At the end of each day, Baluch can go home knowing that she did her best to make a difference for families. And being able to accomplish that while doing something she loves? Incredible. “I always enjoy it,” she says. “I like the contact you have with your clients. You become so close to them and help them with their children. You feel like you’re doing something important.” Baluch ﬁrst met Rockford lawyer Laura Hunt about seven years ago as they worked opposing sides of a case. She was impressed with Baluch’s intelligence and preparedness, and now goes to her for advice. “Laura’s work ethic is admirable because she literally outworks everyone else,” Hunt says. “She has an in-depth knowledge on case law and, as a result, I ﬁnd myself going to her for advice on some of my tough cases. “The most recent advice she gave me involved a case regarding child support enforcement QDROs. She gave me case law and secondary sources which were directly on point. I know that if I ever need anything I can go to her and she will be there for me.”
In the Community
With a practice such as family law, it’s no surprise that Baluch becomes quite popular at parties and gatherings. Everyone, it seems, has a question. “I try to answer their question as much as I can, then I will give them my card,” she says. And she can empathize even more with parents’ questions now that she, too, is a mother. She has a son whose arrival eight years ago drove home the importance of her work. “It changed things quite dramatically,” she says. “After I became a parent, I understood why people are so passionate.” She also can use her own experiences to help people see situations more rationally during a divorce. For instance, a mother might get upset that a father is not attending parent-teacher conferences. Baluch can point out that she and her husband often take turns going to school events, as they balance their household in a healthy and normal way. So the fact that the father wasn’t at parent-teacher conferences might not be a problem in the big picture. “Things that weren’t an issue prior to divorce can become a big deal because you’re going through a divorce,” she says. “I can use my own experience in trying to resolve a matter.” In that sense, being a divorce lawyer can actually be an asset to her own marriage. “It makes us stronger,” she says. “A lot of what I do is counseling people, and I think that helps.” Professionally, Baluch has been involved in the Illinois State Bar Association, Illinois Trial Lawyers of America and the American Bar Association. She is former secretary for the Winnebago County Bar Association and Winnebago County Women’s Bar Association, former president of Winnebago County Young Lawyers, and former chairperson of the Winnebago County Bar Association Family Law Section.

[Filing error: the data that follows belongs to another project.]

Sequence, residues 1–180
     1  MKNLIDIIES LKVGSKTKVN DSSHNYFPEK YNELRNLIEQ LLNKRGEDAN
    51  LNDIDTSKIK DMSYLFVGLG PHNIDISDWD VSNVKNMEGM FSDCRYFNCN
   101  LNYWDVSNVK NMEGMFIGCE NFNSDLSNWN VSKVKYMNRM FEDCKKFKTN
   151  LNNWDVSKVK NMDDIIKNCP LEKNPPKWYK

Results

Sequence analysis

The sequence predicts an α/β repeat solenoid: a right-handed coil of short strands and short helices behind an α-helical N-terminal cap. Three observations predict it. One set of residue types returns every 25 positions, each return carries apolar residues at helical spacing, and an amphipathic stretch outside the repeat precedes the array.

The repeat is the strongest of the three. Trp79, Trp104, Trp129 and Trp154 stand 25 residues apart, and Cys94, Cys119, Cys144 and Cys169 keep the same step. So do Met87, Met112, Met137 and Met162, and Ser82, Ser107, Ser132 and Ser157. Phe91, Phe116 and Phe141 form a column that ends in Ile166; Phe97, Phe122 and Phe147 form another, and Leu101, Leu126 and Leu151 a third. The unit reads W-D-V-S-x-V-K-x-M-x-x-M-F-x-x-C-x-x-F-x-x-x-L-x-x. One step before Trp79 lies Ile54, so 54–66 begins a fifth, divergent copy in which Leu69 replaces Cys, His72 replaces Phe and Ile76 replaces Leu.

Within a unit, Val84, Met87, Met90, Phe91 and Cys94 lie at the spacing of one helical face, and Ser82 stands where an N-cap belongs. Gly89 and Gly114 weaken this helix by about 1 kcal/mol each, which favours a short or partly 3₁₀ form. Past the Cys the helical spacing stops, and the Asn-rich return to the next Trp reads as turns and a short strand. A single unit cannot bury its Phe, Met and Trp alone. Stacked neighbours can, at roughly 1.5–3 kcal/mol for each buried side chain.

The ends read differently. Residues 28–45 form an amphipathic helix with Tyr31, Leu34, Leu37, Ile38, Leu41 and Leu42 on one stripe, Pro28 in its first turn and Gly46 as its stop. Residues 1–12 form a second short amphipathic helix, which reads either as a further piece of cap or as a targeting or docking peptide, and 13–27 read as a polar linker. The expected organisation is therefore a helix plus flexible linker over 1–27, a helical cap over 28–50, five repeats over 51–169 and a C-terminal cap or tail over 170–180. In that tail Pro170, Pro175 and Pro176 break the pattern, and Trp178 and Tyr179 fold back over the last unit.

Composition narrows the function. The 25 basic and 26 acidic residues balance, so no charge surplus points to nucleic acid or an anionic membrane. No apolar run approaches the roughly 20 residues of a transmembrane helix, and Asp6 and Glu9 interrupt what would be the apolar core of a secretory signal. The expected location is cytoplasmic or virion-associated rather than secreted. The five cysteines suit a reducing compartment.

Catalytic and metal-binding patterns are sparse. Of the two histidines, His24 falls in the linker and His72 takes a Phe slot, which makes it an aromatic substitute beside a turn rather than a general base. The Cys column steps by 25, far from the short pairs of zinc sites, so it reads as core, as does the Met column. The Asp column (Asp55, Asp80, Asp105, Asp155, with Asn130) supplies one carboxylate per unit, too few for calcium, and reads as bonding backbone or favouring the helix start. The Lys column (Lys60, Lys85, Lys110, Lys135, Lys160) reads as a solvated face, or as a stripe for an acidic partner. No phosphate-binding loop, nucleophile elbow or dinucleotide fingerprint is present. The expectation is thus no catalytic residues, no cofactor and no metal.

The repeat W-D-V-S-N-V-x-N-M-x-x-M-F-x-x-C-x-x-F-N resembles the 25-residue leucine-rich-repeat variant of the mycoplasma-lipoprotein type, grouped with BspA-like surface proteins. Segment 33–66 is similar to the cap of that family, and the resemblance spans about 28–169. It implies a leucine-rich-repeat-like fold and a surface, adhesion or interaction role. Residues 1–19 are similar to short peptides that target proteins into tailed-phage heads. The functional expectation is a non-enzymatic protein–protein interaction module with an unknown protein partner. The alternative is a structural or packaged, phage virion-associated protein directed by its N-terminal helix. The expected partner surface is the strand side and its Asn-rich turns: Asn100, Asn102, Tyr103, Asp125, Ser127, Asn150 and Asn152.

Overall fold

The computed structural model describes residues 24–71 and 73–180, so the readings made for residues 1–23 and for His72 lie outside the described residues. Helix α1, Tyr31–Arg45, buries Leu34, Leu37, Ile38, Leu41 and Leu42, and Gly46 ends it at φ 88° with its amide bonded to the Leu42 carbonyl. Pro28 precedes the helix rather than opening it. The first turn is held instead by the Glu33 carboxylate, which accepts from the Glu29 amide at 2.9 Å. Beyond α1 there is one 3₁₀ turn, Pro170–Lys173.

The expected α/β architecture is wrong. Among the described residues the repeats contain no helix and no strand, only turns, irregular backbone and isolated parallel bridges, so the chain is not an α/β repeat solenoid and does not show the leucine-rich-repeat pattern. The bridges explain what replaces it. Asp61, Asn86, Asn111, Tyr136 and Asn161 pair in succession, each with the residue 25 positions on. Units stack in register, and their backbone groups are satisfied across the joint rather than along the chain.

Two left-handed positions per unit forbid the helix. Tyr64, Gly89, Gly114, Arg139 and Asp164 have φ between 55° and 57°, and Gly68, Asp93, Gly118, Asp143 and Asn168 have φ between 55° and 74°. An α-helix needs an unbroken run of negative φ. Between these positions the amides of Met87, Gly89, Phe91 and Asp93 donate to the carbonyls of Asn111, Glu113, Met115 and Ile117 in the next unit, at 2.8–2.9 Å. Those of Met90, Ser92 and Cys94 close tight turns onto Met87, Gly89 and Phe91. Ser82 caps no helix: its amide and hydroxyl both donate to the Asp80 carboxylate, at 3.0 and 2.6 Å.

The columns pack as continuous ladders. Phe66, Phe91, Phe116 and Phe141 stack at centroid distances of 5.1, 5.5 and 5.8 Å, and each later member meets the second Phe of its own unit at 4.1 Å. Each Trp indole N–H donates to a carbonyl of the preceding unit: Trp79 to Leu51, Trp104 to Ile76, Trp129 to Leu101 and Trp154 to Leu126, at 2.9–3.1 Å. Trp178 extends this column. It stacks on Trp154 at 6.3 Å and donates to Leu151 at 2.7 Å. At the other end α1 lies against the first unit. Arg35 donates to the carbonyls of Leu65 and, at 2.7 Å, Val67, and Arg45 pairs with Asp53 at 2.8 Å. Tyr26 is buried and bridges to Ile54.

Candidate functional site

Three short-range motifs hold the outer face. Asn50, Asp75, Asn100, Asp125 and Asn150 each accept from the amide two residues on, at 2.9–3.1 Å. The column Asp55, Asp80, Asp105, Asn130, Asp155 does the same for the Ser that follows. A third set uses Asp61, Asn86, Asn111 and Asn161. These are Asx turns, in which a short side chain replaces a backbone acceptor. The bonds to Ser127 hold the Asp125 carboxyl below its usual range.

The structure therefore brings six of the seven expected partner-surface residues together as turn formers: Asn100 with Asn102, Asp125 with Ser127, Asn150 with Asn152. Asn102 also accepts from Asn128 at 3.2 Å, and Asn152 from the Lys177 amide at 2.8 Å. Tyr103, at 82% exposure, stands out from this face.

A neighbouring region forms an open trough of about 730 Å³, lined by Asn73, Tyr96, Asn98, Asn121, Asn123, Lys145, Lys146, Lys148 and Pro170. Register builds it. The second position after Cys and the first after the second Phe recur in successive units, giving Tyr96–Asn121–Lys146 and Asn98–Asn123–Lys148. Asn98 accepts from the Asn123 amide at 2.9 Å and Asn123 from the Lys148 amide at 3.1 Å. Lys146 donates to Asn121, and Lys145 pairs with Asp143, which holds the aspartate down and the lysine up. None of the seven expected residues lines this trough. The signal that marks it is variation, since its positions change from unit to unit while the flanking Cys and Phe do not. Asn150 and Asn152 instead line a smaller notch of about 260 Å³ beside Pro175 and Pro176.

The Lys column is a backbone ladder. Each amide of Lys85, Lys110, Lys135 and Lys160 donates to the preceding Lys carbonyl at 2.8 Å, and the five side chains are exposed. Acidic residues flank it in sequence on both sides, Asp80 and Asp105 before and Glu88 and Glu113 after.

When Baluch isn’t at work, she enjoys spending time with her family, acting as scorekeeper or general cheerleader for her third-grade son’s sports. He is active with football, baseball, wrestling and golf. Baluch, too, enjoys golf as well as family dinners with her relatives in nearby Durand. Her family also likes to travel, with recent trips to the Bahamas, Jamaica and Disney World. Baluch feels strongly about participating in community organizations and has been involved with Rockford Women’s Cosmopolitan Club, Ignite, NEXT Rockford, Junior League of Rockford, Club Blue and the American Heart Association. “Our community is very important to me,” she says. “I think that Rockford is an amazing place, with amazing people and wonderful resources. I want the Rockford area to be known for its Midwestern values and as a great place to work and live. I want my son to want to raise his family here when he grows up. I want this area to be the place where my husband and I grow old and retire. There is no other place in the world I would rather live.
“For me, community involvement means helping to make this a better and safe place for me, my family, my friends and my clients.” The bulk of her volunteer time comes as president of the Stateline Chamber of Commerce as it merges two neighboring chambers. There, she works alongside Ryan Rydell, a local business owner who also serves on the chamber board. “She has the kind of passion and skill that only comes from a results-driven work ethic. I know that whenever I have Laura working on a project, it will be done and done right. “Laura was simply amazing in her work with me on merging the Roscoe and Rockton Chambers. At the time, Laura was the vice president of the Roscoe Chamber, and I was the president of the Rockton Chamber. For over 15 years, these organizations were talking about merging, but neither leadership group could make it happen. “It wasn’t until Laura and I came together that we were able to ﬁnd the path of success and lead the way. Without Laura’s help, the Stateline Chamber of Commerce doesn’t exist,” Rydell adds. “Everything that Laura dedicates herself to is better because of it,” he says.
This article by Elizabeth Davies was originally appeared in Emerging Lawyers Magazine for 2016 and has been reprinted with permission. © 2016 Law Bulletin Publishing Co.